Musk has argued that Twitter’s content moderators intervene too much on the platform, calling it the internet’s “de facto town square.”

“Free speech is the bedrock of a functioning democracy, and Twitter is the digital town square where matters vital to the future of humanity are debated,” Musk said in a release announcing the deal Monday. “I also want to make Twitter better than ever by enhancing the product with new features, making the algorithms open source to increase trust, defeating the spambots, and authenticating all humans.”

“Twitter has tremendous potential — I look forward to working with the company and the community of users to unlock it,” he added.

Experts warn that without current misinformation measures in place, and if all users who have been taken off were let back on, fact-checking voices would exit the site in defiance, the social media giant’s landscape would seem very different.

Trump’s account, along with a slew of other accounts that have previously broken Twitter’s rules, should be restored, according to Angelo Carusone, president of media watchdog Media Matters.

“Elon Musk will unwind a whole range of very basic protections against harassment, abuse, and disinformation that Twitter has spent years putting into practice — effectively opening the floodgates of hate and lies and using Twitter’s position as a market leader to pressure other social media companies to backslide,” Carusone said in a statement Monday.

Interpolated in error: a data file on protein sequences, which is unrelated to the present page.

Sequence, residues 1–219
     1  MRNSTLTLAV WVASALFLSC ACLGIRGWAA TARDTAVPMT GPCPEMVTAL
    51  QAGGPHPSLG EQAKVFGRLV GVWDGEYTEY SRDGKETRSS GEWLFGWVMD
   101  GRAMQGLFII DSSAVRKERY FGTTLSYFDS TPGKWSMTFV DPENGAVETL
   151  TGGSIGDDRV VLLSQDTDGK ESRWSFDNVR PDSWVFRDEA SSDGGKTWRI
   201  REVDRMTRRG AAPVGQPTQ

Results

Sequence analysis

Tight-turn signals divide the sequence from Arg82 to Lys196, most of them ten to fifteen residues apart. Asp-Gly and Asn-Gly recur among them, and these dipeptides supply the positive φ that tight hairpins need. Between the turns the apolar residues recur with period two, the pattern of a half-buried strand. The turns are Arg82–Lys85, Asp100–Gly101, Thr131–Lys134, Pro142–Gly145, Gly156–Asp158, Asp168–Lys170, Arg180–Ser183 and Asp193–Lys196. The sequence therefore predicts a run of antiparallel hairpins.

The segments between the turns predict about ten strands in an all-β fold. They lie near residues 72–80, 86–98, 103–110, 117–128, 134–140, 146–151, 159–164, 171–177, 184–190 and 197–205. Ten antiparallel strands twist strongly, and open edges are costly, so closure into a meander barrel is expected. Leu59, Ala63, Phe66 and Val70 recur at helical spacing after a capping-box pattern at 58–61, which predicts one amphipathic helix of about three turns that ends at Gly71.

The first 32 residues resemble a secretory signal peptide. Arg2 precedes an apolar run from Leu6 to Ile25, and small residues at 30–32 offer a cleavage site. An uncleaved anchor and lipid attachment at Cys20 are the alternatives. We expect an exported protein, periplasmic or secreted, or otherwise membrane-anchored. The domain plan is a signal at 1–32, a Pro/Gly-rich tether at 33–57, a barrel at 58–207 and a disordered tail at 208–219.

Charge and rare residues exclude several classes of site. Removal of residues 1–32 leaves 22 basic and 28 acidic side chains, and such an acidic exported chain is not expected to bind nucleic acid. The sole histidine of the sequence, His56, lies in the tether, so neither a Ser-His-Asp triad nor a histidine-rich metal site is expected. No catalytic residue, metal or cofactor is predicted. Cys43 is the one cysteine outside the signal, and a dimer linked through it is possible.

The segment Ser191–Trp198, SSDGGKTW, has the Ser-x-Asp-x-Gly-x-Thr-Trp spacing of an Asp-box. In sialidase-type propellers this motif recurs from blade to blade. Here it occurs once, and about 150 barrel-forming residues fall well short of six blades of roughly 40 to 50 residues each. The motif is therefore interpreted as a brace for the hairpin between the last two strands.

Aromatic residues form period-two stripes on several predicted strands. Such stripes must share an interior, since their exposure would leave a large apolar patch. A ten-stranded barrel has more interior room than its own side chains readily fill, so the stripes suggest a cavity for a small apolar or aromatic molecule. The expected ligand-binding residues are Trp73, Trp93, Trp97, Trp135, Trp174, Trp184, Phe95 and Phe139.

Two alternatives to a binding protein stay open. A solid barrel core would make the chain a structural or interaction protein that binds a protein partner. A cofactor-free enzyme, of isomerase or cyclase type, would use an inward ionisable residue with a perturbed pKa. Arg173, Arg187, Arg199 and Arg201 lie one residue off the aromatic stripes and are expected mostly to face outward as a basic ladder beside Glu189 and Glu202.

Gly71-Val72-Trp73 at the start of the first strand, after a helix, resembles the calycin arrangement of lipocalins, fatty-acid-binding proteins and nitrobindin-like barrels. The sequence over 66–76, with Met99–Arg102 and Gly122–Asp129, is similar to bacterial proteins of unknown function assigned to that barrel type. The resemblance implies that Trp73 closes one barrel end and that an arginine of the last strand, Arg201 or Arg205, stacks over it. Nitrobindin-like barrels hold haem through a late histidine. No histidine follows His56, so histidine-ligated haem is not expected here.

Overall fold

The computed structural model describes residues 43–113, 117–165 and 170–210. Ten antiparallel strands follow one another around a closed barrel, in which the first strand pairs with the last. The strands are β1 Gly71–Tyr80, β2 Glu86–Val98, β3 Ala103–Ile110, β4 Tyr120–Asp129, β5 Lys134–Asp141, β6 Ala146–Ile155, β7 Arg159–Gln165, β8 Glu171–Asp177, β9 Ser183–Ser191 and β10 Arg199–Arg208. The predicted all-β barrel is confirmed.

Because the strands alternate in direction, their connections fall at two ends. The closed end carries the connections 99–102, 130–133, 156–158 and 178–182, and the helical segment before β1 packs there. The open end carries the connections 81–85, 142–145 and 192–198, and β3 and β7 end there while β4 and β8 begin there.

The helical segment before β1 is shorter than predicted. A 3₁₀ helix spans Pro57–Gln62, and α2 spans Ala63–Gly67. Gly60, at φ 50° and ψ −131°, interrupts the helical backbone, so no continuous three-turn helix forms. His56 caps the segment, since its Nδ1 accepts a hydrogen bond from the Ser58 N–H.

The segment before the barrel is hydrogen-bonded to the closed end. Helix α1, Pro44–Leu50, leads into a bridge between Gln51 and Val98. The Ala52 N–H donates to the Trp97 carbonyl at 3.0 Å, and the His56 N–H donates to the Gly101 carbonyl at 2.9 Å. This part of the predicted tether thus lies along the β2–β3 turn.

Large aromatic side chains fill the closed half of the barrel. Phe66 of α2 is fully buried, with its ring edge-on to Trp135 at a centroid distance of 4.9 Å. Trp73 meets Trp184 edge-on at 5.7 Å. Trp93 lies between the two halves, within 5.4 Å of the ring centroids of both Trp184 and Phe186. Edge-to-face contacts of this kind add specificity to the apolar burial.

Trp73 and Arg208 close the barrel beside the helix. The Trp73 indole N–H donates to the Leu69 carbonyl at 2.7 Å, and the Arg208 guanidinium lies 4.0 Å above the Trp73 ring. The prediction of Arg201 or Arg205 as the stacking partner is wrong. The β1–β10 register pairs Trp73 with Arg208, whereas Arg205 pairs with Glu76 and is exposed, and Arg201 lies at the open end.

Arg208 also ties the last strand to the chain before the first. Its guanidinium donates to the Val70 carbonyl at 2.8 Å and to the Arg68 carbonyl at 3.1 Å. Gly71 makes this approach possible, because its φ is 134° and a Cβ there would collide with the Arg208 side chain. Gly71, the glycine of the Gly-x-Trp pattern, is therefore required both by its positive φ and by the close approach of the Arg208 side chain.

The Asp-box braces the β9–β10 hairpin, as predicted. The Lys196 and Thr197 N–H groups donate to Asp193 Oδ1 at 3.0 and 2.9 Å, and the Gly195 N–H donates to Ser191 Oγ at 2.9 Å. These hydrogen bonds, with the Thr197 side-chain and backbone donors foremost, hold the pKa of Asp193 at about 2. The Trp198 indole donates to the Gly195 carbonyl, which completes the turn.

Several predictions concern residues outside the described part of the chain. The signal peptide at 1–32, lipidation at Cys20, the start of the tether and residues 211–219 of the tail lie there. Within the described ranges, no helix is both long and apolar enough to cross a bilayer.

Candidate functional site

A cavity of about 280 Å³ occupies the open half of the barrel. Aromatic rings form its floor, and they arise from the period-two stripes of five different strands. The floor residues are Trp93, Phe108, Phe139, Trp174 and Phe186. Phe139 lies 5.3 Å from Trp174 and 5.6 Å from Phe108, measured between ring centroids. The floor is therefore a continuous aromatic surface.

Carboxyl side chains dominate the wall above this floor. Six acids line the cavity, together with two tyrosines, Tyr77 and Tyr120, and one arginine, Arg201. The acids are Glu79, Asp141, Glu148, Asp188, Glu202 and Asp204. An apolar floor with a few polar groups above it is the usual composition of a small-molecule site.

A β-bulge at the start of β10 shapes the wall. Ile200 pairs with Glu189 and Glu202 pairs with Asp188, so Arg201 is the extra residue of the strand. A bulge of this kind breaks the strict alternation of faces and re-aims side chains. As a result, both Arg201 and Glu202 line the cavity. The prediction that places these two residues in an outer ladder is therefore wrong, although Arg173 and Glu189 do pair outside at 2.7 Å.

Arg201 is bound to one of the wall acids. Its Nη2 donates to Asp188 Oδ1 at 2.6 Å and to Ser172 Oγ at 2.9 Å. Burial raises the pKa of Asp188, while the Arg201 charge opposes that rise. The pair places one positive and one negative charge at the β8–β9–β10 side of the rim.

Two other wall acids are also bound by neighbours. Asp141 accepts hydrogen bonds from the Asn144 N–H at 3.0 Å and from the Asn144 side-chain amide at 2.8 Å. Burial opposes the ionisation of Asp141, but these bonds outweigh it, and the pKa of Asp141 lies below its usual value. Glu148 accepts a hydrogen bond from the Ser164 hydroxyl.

“The race to the bottom begins,” he added.

The American Civil Liberties Union raised concerns similar to Warren — with one person, Musk, in this case, also the world’s richest man, obtaining “so much control over the boundaries of our political speech online.”

Musk hasn’t indicated whether banned users will be let back on, and Trump has stated that even if he is reinstated, he will continue to use his own platform.

“I am not going on Twitter, I am going to stay on TRUTH,” Trump told Fox News Monday. “I hope Elon buys Twitter because he’ll make improvements to it and he is a good man, but I am going to be staying on TRUTH.”

Georgia Rep. Marjorie Taylor Greene, whose personal Twitter account was permanently suspended in January for “repeated violations” of Twitter’s COVID misinformation policy, reacted to the sale from her government account, saying Twitter violated her freedom of speech “along with an unknown number of Americans.”

“I want everyone else to have theirs back too if they choose it,” she said.

Mac, who writes a weekly newsletter on technology trends, said the platform’s landscape as Musk takes over may lean largely on how advertisers react, noting most mainstream social media platforms in the western world do not allow for “totally free speech.”

“And that reason is that the mainstream platforms in the social space depend on advertising revenue. Advertisers don’t traditionally want to jump into cesspools of online misinformation, disinformation, and hate.

They tend to shy away from those types of communities,” she said. “So, I think, in the long term, when it comes to people using this platform down the road, there will be people who will want to step away if suddenly there are no guardrails in place to protect them.”